Thursday, October 10, 2019

Be a responsible buyer of technology

Be a responsible buyer of technology
Being a responsible buyer of technology and outsourced software development services, and working well with suppliers during projects are crucial skills for any organization.

Yet, the absence of those skills explains more project failures in third-party projects than any other factor. You will find some prominent examples of these among my project failure case studies.

Some may argue that suppliers should have all the skills required to make their projects a success, but any company relying completely on the skills of a supplier is making themselves dependant on good luck.

If you are not a ‘responsible buyer’ then you risk not spotting when the supplier and/or the project is failing.

A responsible buyer of third-party systems and systems development will have excellent knowledge, understanding and experience in defining, planning, directing, tracking, controlling and reporting systems development projects. They will know what should be done, when, why and how.

In many projects the supplier should be running the above-mentioned processes as part of helping a buyer achieve their target business outcome (after all, the supplier is expected to have done a great many projects of this type). However, this does not mean that the supplier will, in fact, be doing all of those things.

That's why it is vital that the buyer themselves knows what needs to be done.

In most large technology projects, it is excellence in program and project management that is the crucial factor in determining success — not knowledge of technology. This is often true in situations when, for example, a project is being carried out across an organization (especially a global organization); across a group of companies in collaboration; or on behalf of a central marketplace and its participants (such as a stock exchange).

In large business-critical projects neither the supplier nor the buyer should be doing any aspect of the project in isolation, as doing so will increase the risk of failure. This isn’t just a need for transparency, it is a need for active communication plus active confirmation and verification that messages have been received and understood.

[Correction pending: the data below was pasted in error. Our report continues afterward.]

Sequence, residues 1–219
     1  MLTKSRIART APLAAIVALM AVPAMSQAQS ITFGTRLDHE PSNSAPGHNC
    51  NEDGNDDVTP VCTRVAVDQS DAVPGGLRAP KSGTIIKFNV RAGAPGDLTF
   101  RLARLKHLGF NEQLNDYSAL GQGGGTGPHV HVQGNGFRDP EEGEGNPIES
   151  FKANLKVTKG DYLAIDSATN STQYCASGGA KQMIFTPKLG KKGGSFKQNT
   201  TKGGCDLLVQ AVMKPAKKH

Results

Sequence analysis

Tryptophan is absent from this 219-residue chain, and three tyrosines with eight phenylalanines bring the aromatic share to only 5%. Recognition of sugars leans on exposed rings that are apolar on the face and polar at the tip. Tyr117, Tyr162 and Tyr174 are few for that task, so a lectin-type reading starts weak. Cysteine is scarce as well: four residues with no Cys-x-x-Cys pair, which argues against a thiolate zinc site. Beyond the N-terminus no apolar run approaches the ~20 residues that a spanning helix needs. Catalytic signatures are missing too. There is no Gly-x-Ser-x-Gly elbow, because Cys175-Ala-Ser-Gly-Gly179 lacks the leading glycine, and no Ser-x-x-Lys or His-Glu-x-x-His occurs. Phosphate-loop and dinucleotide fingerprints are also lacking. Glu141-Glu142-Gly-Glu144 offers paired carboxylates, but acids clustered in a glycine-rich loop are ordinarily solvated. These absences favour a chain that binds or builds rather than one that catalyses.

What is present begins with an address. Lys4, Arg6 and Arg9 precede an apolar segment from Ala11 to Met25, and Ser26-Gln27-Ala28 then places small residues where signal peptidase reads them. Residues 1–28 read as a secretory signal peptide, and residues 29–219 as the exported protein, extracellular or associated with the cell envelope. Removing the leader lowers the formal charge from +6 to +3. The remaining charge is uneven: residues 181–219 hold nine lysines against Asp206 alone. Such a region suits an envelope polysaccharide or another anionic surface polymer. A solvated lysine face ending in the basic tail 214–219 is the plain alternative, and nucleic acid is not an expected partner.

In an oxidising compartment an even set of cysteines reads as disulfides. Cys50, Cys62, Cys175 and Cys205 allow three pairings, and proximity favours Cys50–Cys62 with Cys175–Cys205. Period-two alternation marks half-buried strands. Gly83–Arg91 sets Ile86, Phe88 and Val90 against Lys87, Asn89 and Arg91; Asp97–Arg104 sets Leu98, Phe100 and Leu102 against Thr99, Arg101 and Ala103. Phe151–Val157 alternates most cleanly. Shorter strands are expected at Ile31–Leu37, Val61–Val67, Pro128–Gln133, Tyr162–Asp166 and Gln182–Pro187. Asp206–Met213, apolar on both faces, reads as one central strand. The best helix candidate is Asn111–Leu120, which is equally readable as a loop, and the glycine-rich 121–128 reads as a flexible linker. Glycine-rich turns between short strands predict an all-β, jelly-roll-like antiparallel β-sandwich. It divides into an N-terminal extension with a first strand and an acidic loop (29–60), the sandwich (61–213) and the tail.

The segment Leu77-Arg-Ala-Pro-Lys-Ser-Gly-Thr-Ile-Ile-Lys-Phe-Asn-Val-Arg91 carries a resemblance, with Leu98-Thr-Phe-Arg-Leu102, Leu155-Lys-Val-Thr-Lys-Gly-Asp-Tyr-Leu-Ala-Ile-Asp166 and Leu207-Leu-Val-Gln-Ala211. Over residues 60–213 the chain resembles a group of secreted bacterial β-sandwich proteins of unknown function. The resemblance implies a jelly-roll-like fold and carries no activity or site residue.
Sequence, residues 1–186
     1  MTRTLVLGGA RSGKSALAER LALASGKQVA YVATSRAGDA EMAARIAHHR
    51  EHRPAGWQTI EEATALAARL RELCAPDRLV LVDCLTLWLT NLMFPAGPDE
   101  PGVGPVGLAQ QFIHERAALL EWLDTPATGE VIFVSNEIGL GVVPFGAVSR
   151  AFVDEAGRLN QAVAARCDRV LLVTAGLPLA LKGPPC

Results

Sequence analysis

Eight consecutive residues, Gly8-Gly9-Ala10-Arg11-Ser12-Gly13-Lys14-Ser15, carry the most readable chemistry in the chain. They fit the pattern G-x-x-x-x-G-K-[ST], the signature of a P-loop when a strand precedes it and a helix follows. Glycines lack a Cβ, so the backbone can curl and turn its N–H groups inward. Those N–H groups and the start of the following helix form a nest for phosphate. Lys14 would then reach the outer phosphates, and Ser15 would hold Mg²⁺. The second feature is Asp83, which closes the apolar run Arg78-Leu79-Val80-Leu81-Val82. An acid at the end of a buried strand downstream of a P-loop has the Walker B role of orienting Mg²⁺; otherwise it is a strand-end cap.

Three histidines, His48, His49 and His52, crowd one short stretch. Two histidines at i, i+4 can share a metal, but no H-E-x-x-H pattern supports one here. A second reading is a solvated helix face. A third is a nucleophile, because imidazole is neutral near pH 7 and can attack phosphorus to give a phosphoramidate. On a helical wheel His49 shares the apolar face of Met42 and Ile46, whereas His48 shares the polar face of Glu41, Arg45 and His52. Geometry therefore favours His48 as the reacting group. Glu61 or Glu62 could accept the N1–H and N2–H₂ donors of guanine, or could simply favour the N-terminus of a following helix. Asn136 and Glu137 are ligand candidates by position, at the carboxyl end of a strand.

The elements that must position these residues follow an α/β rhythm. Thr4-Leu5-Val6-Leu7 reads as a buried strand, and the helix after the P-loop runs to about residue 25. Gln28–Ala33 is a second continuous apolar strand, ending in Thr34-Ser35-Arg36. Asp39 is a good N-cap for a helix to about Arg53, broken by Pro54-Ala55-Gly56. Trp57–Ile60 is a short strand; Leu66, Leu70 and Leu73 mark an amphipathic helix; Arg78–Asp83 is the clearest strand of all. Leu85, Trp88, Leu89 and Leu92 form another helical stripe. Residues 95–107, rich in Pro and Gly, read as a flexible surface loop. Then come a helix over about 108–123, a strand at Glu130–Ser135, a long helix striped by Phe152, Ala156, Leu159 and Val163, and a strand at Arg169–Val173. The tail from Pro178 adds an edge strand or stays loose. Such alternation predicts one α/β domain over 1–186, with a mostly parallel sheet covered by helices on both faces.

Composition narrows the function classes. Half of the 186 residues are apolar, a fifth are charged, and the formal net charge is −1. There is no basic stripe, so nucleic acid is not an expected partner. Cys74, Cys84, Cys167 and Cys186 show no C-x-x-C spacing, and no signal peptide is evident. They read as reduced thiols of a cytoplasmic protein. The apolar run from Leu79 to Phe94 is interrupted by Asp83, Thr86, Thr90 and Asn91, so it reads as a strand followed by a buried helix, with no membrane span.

The following three excuses for total project failure will never work in court:

1) "I was drunk,"
2) "I thought the buyer or supplier knew what they were doing," and
3) "I thought the buyer or supplier was doing it, not me."

If you are the buyer and you do not have all the necessary skills and experience to be able to define and control important projects (which is perfectly understandable as in most companies they don’t happen very often), there is an easy fix for this problem: Hire a very experienced interim executive to act on your behalf, even if the supplier will still do most of the project management and other work. You can delegate authority for doing the project management to the supplier but you cannot delegate responsibility.

Responsibility for the project — including responsibility for it failing — always rests ultimately with you, the buyer.

Your highly experienced interim executive can assume delegated responsibility on your behalf. However, that means that he or she becomes your authorized representative and therefore you can never blame that person for anything (e.g., in the way you might blame the supplier).

The supplier will thank you for this clarity of thinking around responsibility and authority. Be a responsible buyer of technology — there is nothing worse for a supplier than a buyer who is unable or unwilling to fulfill their responsibilities during an important engagement.

In a nutshell: Responsibility for the project — including responsibility for it failing — always rests ultimately with you, the buyer.
Posted on Thursday, October 10, 2019 by Henrico Dolfing